New brewer new kettle decisions

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jwil911

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I've been extract brewing for ~ a year. My current kettle is 8 gal and I'm thinking about moving to BIAB with a 15 gal kettle. I don't yet have 240v in my brew space/garage so I'm thinking of getting a BrewBuilt 15 gal with two vertical TC ports that comes standard and having one TC port tig welded/added for a heating element for future planning. I don't want to overthink the kettle with whirl pool ports etc as that can be added later or get BrewHrdware spincycle or over the top whirl pool add ons.
I've been think about this for a while, there's so many option with AIO systems etc. Does this sound like a good logical next step in my brewing evolution. Planning to pull the trigger on this with BrewHardware and order Wilserbrewer grandslam package. Still want a grain mill and missed the boat on the better pricing on Black Friday. I was targeting the MaltMuncher 3.
I'm all ears for suggestions or recommendations.
Thanks,
John
Alameda, CA
 

hotbeer

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If you need new toys, then get new toys.

However since you are moving from extract to all grain BIAB. I'd consider just working with what you have so you can find out what particular issue or issue BIAB is to you.

There are different ways that many of us do BIAB and not every piece of equipment out there is suited to the different ways each of us might be brewing.
 

grampamark

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If you want to start doing BIAB why not just start with your current equipment? An 8 gal kettle works great for 2.5-3 gal batches. Get a package of paint strainer bags from HD or Lowe’s, use your current heat source, and start learning the all grain process for very little cost.

You’ll want to find a supplier that will crush grain appropriately for BIAB until you get a mill. I don’t think you will find the learning curve too steep and once your familiar with the process you’ll have a better idea about the direction you want to take WRT upgrading.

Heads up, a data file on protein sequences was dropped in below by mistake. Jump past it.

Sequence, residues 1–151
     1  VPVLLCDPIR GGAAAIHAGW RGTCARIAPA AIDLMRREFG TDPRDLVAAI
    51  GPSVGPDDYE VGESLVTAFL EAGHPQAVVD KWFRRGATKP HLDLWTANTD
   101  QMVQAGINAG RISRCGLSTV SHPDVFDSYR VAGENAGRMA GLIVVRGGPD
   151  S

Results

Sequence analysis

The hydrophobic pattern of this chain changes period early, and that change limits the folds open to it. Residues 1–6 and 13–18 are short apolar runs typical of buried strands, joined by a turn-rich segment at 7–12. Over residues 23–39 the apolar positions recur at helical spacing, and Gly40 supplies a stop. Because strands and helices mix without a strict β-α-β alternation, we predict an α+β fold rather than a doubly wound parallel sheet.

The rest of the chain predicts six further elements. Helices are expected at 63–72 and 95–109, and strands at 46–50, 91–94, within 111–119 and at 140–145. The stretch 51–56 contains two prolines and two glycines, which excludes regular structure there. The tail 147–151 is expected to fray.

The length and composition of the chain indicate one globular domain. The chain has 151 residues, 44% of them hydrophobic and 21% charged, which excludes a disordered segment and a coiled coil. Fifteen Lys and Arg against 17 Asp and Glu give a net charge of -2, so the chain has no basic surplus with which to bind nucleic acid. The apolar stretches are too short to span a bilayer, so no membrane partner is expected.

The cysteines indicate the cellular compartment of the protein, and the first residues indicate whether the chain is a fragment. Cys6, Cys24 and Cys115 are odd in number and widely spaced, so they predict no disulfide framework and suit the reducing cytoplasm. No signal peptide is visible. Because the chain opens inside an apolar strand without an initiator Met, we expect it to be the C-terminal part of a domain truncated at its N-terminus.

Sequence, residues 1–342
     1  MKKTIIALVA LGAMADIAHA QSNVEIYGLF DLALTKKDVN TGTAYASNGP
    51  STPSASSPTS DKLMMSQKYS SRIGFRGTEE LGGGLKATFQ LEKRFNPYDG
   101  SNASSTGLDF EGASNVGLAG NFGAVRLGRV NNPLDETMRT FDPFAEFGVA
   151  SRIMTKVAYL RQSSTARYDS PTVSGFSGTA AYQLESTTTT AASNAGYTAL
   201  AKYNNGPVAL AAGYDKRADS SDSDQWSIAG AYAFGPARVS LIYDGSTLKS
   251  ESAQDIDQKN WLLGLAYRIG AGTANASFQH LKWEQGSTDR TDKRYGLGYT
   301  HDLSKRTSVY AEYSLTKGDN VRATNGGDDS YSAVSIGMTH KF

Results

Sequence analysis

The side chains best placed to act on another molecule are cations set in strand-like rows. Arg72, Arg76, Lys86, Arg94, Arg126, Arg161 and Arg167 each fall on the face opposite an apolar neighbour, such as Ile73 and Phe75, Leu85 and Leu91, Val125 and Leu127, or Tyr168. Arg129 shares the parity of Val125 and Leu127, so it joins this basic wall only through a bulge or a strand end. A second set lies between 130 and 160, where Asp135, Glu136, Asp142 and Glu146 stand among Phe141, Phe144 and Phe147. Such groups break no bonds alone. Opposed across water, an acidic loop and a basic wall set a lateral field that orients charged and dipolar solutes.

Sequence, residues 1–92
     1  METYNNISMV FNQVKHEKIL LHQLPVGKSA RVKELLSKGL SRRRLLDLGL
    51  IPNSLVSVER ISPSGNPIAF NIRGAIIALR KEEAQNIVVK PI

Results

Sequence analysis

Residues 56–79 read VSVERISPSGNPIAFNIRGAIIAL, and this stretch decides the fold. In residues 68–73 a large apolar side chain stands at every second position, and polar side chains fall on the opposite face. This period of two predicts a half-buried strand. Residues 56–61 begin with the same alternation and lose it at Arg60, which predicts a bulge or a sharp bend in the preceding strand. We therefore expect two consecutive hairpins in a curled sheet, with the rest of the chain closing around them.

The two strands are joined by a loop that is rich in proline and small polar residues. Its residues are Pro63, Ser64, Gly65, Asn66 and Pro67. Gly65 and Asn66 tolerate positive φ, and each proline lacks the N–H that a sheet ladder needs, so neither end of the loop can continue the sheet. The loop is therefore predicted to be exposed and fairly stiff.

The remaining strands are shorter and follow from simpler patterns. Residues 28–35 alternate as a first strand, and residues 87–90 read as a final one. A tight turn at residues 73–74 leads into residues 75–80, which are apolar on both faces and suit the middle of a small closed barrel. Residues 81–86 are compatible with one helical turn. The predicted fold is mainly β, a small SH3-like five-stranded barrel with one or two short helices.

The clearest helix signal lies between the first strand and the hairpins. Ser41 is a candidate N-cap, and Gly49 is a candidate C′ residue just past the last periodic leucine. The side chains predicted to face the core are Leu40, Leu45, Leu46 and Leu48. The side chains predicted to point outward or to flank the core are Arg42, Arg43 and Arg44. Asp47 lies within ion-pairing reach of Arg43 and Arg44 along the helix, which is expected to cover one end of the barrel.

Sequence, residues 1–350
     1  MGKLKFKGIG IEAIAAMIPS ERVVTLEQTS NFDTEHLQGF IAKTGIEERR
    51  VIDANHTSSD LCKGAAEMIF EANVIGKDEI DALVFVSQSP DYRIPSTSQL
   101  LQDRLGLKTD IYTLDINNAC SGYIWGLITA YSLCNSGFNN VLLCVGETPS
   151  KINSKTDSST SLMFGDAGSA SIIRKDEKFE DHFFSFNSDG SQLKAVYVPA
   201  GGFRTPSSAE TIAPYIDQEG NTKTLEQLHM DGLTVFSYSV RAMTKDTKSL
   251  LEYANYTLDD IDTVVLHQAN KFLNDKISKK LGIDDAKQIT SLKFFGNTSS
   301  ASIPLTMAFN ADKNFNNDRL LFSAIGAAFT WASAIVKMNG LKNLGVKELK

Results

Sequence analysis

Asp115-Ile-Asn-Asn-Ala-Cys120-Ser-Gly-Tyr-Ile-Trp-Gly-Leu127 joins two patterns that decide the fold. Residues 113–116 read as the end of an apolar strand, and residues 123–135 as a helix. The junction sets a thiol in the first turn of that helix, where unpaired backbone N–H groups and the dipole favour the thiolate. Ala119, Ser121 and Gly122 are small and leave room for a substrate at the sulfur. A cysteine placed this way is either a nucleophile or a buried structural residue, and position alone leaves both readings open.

I do full volume, no sparge, BIAB in a second location where space is limited, using an 8 gal turkey fryer and the usual assortment of small tools and accessories plus an immersion chiller. I might have $200 tied up in the whole system. I’ve found no difference between the same recipes, scaled appropriately, brewed on that system and the 3 vessel, 5 gal system that I do most of my brewing on.

Buying new stuff is cool, and all, but process has more to do with the quality of the finished product than than the shiny bits. :cool:
 

palmtrees

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I agree that going with the route above for at least a few batches will help you get a feel for your process. When I switched to biab, I got a big kettle, but I eventually realized that trying to do 5 gallon batches was too hard with my setup and I didn't want to start brewing outside or move to electric. I downsized and now do 2.5 gallon batches in a basic 5 gallon kettle on my stove with a cheap nylon bag. It's a very cheap system, and I'm turning out really good beers because I've dialed in my hot and cold-side process over the last two years. That's all to say that I think trying out biab on your current gear for a bit can help you make sure that when you upgrade, you're getting the equipment you actually want/need for the way you want to brew.

Of course, if you're set on some new gear, you know you want to do 5 gallons or more, and you eventually want to move to 240v, then your plan sounds good. That brew built kettle looks nice, and I agree with your approach to give yourself flexibility with elements in the future, while ignoring the superfluous stuff like whirlpool ports.

And for what it's worth, I've been very happy with my mill. I held out for a long time and got my grain crushed by my lhbs, but if you're doing biab, it's very handy. I get much better mash efficiency now that I grind my own grain.
 

deuc224

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I I say do it. I went from reading online to all grain brewing and dont regret it at all. But for budget, whatever you planned budget is, multiply that by 1.5. Also buy main grains in bulk and specialty grains by the 5 or 10 pound bags, i rarely dont have something on hand when i brew, also se if you can get away with using 2 120 volt heaters, I was set on going 240 but 2 120 plugs is actually good enough to boil my 15 gallons without a steam hat.
 
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jwil911

jwil911